In finding that it was not unreasonable for CRA to assess on the basis that these payments were includible in the income of Steinberg and Ludmer under s. 56(2), Hamilton JCS addressed the question whether such amounts would have been income form a source if they had been paid directly to such taxpayers stated (at paras. 614-615):

The GAM payments were not in the nature of a windfall. They were made pursuant to a contract. They were enforceable, organized, foreseeable and customary since 1995. …[T]he contracts provided for services to be provided as consideration for the payments. …

The argument put forward by Bowman that they are “nothings” for Canadian tax purposes because they are merely reputational payments arising in a non-business circumstance may ultimately be upheld by the Tax Court, but it is not so clear at this stage as to render the CRA’s position unreasonable.

Locations of other summaries Wordcount
Tax Topics - Income Tax Act - Section 56 - Subsection 56(2) recurring fee reduction amounts received for no work were income and taxable under s. 56(2) when directed to controlled company 275
Tax Topics - Income Tax Act - Section 152 - Subsection 152(4) - Paragraph 152(4)(a) - Subparagraph 152(4)(a)(i) nature of the legal advice relied upon was unclear 405
Tax Topics - Income Tax Act - Section 152 - Subsection 152(1) improper advancing of “settlement” elements that were not sustainable 43
Tax Topics - Income Tax Act - Section 94.1 - Subsection 94.1(1) equity-linked notes held in BVI company were portfolio investments held with a tax avoidance purpose, but were not subject to 7000(2)(d) interest accrual 540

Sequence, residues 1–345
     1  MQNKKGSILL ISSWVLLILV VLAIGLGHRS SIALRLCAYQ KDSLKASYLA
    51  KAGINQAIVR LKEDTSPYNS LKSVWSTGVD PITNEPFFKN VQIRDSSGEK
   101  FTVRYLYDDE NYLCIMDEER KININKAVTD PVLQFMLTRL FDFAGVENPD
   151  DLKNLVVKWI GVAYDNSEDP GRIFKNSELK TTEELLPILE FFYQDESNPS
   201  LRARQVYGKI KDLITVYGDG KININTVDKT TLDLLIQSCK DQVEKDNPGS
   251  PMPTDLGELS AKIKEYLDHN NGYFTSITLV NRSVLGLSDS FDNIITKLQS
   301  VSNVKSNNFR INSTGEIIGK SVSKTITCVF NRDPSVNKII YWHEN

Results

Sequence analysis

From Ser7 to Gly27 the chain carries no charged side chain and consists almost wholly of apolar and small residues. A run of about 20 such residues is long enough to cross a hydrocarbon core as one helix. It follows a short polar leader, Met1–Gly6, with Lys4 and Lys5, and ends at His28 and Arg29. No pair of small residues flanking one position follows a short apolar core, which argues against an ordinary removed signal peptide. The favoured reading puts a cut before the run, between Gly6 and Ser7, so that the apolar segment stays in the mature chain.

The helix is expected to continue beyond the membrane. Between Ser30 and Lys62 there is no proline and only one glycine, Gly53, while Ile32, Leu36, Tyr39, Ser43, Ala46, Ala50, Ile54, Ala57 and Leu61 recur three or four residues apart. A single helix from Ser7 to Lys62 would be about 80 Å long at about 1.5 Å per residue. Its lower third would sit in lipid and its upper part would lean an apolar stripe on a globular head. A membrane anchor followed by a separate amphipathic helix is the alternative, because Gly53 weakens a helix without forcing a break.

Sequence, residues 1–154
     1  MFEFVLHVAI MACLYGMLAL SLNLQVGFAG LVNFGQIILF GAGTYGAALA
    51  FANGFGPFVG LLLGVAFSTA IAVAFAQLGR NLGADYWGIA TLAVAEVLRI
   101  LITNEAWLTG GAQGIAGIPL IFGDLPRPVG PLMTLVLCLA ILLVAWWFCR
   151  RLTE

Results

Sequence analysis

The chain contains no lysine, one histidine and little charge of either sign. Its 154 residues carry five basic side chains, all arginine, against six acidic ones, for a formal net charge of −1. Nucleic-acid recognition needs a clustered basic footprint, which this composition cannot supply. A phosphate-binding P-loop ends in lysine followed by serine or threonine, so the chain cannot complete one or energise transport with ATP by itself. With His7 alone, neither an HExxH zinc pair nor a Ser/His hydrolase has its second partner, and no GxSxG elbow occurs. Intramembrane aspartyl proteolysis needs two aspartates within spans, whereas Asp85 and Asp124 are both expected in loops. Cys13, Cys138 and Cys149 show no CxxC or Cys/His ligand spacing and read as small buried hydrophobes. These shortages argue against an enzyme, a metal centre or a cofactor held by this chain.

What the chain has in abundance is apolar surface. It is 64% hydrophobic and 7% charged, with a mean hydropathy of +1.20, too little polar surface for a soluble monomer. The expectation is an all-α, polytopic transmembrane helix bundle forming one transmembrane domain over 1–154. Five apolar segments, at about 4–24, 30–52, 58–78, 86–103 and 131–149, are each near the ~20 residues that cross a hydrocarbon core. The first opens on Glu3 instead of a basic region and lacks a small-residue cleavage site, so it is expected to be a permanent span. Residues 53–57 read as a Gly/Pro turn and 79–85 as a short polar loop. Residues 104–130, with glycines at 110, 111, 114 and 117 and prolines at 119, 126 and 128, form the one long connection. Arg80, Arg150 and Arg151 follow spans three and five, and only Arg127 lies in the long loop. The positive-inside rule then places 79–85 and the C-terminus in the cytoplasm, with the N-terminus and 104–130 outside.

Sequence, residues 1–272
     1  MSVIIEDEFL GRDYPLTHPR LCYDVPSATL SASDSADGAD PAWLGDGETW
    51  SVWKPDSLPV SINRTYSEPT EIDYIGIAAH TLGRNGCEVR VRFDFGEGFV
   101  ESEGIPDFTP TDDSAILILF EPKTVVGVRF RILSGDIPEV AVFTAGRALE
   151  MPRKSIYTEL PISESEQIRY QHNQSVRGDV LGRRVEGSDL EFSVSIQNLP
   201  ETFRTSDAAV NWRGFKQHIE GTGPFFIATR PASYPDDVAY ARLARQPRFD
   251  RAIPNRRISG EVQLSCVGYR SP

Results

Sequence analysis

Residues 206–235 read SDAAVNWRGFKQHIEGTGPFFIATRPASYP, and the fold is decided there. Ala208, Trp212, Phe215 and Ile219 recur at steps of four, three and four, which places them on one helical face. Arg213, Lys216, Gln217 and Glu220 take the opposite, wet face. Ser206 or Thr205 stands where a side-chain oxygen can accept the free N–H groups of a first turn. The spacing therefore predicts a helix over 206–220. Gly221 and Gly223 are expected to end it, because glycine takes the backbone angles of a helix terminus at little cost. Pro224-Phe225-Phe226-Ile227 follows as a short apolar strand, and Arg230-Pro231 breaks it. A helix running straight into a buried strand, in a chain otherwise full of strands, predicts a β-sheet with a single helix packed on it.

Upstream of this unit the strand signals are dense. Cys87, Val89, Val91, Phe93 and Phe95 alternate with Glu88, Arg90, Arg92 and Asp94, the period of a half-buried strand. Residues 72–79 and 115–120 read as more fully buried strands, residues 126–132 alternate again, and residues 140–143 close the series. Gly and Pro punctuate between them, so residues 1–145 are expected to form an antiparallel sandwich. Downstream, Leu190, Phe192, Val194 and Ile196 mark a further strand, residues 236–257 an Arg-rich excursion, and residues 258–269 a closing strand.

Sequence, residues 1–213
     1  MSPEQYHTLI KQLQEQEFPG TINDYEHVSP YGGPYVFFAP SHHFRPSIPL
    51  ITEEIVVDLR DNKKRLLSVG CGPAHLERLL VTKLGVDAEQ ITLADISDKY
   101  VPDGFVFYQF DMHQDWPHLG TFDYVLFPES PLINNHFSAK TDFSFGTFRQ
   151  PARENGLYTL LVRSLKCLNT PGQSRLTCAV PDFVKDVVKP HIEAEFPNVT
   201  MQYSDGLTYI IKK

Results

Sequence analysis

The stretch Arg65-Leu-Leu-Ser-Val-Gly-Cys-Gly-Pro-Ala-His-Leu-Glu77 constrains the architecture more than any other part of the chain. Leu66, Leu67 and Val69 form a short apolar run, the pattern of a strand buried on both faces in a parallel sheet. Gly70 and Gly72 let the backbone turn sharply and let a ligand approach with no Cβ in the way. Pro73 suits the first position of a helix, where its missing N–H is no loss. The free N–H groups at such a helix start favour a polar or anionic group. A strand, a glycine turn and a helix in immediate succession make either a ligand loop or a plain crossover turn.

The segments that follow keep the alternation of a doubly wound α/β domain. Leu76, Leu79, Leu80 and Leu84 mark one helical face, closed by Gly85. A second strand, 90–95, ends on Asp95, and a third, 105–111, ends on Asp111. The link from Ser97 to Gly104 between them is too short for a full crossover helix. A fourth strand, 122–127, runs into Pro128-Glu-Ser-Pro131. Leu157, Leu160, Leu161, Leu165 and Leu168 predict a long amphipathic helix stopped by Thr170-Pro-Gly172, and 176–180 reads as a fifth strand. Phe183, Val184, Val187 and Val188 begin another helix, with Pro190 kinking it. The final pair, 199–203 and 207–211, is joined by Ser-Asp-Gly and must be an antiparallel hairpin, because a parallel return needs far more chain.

Tax Topics - Income Tax Regulations - Regulation 7000 - Subsection 7000(2) - Paragraph 7000(2)(d) mere possibility of locking in value accretion each year did not crystallize the maximum amount of interest respecting the year 454
Tax Topics - General Concepts - Negligence and Fiduciary Duty damages awarded against CRA for inter alia making unreasonable reassessments 252

Radonjic v. Canada Revenue Agency, 2013 DTC 5152 [at 6352], 2013 FC 916

substantial online poker winnings were not income

Russel J found that the Minister's decision (in a s. 152(4.2) application) to treat the taxpayer's online poker winnings as income lacked intelligibility and justification. The Minister indicated that the taxpayer had a "system" to win, but did not identify what that system might be - moreover, winning does not prove the existence of a system - this is exactly the kind of retrospective approach rejected in Leblanc (para. 52). Russel J also stated (at para. 52):

  • "chance remains the predominant factor in whether they [online poker players] win or lose";
  • the use of winnings to finance a mortgage was no indication of running a business; and
  • the taxpayer's cutting back on other work and income during poker wins was no indicator of running a business with a reasonable expectation of profit.

Canada v. Johnson, 2013 DTC 5004 [at 5515], 2012 FCA 253

contractual payments derived from Ponzi scheme were income

The taxpayer realized gains of $1.3 million from periodically placing funds with a rogue ("Lech") who, it was later discovered, had not invested the funds in options trading but instead used them in a Ponzi scheme. The taxpayer made periodic payments to Mr. Lech, who would in return issue approximately nine weekly post-dated cheques for (in aggregate ) a larger amount, which he then honoured with the exception of the last such transaction.

In finding that the net gains of the taxpayer were income from a source, Sharlow J.A. stated (at para. 46):

[The taxpayer] is not being taxed because she profited innocently from a Ponzi scheme. She is being taxed because she entered into a series of agreements with Mr. Lech to receive a profit on her investments with him, and she received what she bargained for. The fact that Mr. Lech funded her payments with the proceeds of a Ponzi scheme is irrelevant.

Regarding the taxpayer's contention that Ponzi schemes cannot be a source of income because the are "by their very nature, doomed to collapse," Sharlow J.A. stated (at para. 43):